It felt odd to think that soon Harry would look up and Snape wouldn't be there. They'd been in each other's presence nearly every moment for over two months. Harry wasn't sure how not to think about Snape, how not to worry about him.

"We are actually not far from Cork," Snape said, breaking the quiet. "That's where we will pick up the ferry."

"Oh, right," Harry said. "What's in the package?" he asked, nodding to the brown parcel.

Snape handed it to him. "You open it. It was waiting for me at the desk. Sent by an A.D.— You'd think the Headmaster would be more creative."

As it turned out, the package was magically sealed and it took Harry five minutes before he figured out how to get it open. Inside were a set of fake muggle IDs, one for Harry and one for Snape, an envelope with more than enough muggle currency to get them home as well as a sack of 30 Galleons. There was a brief handwritten note that read simply, I look forward to your safe return –A.D.

There was a knock on the door. Harry looked up startled, but Snape raised his hands casually and said, "I had them send up some tea."

He set the tray down on the table and turned to Harry. "You best get some rest," Snape said. "Tomorrow will be a long day."




It was a bright, but blustery day, a sharp autumn wind whipping pink into Harry's cheek. Pulling his sweatshirt a little tighter around himself, he glanced over his shoulder at Snape who followed behind him into the cool fall morning with his hand shoved into his pockets.

Without a word, they left the Inn's property. They walked side by side along the long downhill slope of the dirt road leading from Rathmore House to the main road. It was early still and few people were out, though Harry could hear the distant sound of a dog barking and the wheezing of an old car engine as it puttered down the street.

"I was wrong," Snape said quietly, his gaze focused on the uneven road in front of them.

Wide-eyed, Harry could only stare back at Snape, waiting to hear the explanation that followed.

"Partially wrong," Snape amended with a slight twitch of a smile. "I told you that emotions make you weak, that you must control them."

He fell quiet, collecting his thoughts as they walked. Harry dared not interrupt him for whatever Snape was about to say was important.

"But that's not true of you," Snape admitted gently. "Each of your emotions gave you strength every time you needed impetus. Your love, just as much as your hatred, set that dormant magic within you free. Though you must learn to curb your emotions, knowing the power it can give you."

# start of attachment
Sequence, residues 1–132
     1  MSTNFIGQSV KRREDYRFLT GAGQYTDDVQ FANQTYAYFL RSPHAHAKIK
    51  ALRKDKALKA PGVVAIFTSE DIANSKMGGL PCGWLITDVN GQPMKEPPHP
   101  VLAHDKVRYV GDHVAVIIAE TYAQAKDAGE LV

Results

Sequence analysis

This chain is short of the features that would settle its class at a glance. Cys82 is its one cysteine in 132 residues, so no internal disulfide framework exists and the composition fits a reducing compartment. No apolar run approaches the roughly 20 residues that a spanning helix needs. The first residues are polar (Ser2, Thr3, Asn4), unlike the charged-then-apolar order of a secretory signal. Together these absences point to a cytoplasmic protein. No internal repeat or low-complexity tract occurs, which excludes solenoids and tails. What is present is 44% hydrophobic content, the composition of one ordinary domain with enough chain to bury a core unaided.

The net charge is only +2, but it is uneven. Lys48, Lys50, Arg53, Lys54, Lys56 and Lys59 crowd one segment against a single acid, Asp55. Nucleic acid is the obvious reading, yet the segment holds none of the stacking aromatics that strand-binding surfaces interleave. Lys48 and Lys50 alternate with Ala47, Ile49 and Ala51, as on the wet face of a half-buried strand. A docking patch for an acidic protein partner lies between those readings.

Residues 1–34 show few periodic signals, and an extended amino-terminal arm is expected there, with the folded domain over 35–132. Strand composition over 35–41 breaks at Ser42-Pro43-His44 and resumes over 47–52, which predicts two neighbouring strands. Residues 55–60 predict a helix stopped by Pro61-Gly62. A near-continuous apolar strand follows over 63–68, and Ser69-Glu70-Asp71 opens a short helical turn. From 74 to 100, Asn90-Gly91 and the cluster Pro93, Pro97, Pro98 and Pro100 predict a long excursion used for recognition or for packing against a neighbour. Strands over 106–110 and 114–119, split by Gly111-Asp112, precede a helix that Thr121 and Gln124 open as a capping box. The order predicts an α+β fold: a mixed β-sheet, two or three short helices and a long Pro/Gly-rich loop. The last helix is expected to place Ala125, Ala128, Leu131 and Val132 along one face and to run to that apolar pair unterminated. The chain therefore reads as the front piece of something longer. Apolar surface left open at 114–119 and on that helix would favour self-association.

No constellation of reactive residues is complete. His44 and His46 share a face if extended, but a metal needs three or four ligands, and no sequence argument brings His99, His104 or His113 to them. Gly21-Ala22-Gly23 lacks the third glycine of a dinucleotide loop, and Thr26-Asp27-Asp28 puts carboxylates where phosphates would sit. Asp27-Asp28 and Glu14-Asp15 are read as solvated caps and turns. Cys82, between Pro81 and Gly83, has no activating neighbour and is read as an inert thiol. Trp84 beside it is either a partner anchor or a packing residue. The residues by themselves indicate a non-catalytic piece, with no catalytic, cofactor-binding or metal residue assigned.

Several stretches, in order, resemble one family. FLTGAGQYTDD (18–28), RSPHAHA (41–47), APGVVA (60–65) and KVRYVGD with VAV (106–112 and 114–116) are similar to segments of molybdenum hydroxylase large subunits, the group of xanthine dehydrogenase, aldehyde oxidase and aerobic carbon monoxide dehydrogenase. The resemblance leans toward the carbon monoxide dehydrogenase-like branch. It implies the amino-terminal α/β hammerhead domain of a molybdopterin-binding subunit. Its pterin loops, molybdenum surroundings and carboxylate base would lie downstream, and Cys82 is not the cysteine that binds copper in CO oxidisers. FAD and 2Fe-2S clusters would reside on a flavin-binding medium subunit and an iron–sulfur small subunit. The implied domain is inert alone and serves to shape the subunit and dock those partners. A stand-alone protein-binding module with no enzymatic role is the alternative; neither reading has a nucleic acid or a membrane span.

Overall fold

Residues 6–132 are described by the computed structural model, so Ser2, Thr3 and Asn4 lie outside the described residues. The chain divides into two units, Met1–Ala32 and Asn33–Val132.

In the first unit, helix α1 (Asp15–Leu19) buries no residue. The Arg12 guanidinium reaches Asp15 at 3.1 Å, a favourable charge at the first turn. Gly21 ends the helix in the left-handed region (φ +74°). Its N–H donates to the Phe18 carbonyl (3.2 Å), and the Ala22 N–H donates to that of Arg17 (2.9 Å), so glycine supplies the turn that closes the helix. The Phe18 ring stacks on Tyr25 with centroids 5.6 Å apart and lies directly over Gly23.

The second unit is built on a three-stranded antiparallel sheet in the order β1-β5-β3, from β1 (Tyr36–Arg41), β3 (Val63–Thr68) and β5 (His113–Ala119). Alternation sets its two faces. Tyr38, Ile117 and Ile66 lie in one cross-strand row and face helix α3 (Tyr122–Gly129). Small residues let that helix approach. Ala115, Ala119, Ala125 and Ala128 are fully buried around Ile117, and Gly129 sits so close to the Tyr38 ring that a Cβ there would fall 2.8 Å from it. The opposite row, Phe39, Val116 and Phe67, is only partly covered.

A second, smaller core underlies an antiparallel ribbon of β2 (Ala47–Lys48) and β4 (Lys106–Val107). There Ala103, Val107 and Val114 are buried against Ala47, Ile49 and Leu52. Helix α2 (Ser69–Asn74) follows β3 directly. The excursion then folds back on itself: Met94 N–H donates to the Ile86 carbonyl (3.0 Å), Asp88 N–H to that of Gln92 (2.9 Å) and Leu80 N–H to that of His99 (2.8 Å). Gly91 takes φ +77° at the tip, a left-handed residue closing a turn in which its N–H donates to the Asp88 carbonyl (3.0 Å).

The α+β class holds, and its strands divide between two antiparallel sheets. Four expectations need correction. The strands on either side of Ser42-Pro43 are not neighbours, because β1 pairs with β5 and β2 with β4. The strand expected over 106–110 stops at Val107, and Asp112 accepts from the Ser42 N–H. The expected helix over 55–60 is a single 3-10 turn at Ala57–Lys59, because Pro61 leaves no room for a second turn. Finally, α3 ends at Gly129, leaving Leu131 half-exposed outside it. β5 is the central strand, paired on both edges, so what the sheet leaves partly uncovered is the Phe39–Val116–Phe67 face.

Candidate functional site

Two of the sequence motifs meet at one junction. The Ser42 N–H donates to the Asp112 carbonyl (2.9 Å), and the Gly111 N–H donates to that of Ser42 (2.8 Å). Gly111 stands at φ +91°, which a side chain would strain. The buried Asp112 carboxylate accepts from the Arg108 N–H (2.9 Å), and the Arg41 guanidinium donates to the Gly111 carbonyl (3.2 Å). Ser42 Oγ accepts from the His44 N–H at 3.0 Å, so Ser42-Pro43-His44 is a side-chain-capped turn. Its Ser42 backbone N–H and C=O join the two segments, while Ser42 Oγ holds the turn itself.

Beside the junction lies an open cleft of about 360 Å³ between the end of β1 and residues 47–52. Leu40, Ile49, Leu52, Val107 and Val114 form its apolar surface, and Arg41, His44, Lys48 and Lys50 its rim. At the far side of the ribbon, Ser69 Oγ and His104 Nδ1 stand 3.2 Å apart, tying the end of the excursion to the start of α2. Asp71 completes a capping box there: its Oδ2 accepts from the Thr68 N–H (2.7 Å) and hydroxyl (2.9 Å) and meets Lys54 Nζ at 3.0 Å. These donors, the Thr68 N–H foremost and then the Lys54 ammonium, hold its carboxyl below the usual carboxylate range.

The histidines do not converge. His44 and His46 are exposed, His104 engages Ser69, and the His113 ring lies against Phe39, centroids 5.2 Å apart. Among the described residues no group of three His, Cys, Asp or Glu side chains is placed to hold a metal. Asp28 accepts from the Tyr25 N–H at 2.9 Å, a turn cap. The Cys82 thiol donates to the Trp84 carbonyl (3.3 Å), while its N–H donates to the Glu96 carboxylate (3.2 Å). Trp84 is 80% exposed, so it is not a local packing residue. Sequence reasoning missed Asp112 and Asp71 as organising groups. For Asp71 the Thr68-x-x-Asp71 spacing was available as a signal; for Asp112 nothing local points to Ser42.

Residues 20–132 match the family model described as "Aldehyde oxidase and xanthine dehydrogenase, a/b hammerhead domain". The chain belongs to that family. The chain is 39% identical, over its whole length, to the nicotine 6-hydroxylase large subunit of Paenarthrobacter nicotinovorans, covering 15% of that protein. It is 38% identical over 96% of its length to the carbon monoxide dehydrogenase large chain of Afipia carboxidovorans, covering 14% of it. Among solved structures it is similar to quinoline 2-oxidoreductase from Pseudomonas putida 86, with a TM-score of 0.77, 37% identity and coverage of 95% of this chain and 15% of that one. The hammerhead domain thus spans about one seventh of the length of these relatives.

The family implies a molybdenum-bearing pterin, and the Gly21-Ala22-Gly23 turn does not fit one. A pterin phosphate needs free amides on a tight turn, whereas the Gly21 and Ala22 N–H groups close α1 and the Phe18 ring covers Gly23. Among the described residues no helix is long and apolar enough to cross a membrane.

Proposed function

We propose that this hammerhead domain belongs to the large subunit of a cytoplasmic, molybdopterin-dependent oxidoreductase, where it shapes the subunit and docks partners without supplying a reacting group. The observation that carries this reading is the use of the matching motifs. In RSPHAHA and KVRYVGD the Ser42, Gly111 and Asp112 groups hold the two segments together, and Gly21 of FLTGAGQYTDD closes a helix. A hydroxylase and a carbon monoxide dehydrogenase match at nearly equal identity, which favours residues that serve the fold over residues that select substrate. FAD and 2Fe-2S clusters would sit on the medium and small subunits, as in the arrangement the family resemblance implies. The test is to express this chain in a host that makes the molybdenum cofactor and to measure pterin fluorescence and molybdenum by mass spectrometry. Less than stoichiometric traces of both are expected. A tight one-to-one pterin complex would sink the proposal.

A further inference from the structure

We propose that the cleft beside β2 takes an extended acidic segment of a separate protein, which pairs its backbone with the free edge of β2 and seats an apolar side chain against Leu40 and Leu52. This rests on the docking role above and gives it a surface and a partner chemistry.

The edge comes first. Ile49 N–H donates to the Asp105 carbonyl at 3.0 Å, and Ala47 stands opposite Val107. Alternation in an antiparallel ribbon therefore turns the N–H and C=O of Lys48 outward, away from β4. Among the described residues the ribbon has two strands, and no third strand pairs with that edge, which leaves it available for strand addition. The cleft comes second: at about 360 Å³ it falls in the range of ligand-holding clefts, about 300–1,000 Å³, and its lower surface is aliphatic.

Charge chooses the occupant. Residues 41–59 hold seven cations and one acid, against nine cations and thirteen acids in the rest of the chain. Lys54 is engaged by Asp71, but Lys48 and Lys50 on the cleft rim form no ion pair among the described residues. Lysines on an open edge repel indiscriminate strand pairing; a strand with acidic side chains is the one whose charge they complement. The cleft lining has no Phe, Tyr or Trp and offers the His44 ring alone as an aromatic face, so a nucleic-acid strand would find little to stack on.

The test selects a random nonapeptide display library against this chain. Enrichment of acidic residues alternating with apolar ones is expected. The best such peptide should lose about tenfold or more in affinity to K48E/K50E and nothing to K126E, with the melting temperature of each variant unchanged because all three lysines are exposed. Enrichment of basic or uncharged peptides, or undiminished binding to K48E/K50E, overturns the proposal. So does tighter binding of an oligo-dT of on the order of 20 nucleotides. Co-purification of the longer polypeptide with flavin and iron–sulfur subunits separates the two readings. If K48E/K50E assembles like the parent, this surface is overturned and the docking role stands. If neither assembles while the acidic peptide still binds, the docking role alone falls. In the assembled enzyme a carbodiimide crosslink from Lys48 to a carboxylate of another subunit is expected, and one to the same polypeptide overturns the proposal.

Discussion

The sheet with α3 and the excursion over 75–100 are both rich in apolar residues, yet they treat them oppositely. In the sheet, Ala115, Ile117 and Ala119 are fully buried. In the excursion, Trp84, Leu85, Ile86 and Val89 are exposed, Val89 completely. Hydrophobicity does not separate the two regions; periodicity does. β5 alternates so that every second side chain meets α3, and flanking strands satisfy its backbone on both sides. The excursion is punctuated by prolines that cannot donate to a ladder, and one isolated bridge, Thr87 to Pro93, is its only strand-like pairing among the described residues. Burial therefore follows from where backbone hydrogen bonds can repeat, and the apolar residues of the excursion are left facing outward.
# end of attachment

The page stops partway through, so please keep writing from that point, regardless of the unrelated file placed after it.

Snape paused for a moment, lost in thought. "I think it is this," he continued, "that will set you apart from the Dark Lord… it's what sets you apart from me."

"We're not so different, you and I," Harry said. "You don't believe in yourself the way you believe in me. You think you're all detached and heartless and insignificant, but I know better."

"Do you?" Snape questioned with a smirk, an eyebrow raised. "Do tell, Mr. Potter."

"You're a big softie," Harry grinned. "But don't worry, I won't tell the first years. I'll let you scare the stuffing out of them."

"Good because you have to frighten them on their first day or else you've lost them for seven years," Snape replied.

Harry laughed right out loud.

"What?" Snape demanded. "I'm completely serious!"

"I know!" Harry cried.

"Mr. Potter it is not too early, nor are we too far from Hogwarts, for me to begin taking points from Gryffindor," Snape replied.

"You'd do it, too," Harry complained, but still with a grin on his face.




There were a lot of people milling around the docks when they arrived, taking advantage of the nice Saturday before the fall weather got too cold. A seagull swooped low overhead and perched on a stack of coiled rope, looking hopefully at passersby for scraps of food.

"There are tickets waiting for us at the counter," Snape said and they joined the queue. Again, Harry felt his temper rising at how easy it all was. They were still wanted by Death Eaters, but Harry had to admit that they were no longer stalling for time. Apparently Hogwarts was safe for them now and Dumbledore wanted them back as soon as possible.

The last person in front of him moved aside and Harry requested the two tickets being held for him under the name on his fake ID.

"Here you are," said the clerk, pushing the two tickets for the ferry towards Harry. "I just need you or your Dad to sign here." She pointed to the dashed line on the receipt.

Harry looked up, startled. "He's not my Dad," he whispered.

"Oh, my mistake," she said brightly. She looked at Harry expectantly and Harry dumbly stared back.

Snape leaned over Harry, slapping his fake ID on the counter and scribbled an illegible signature on the line. He took the tickets with a mumbled "thanks", then ushered Harry away from the counter with prod at his back.

Something was warring within him— For many weeks now, Harry had been careful not to put his father and Snape together in his mind because he didn't like how the emotions about them were overlapping.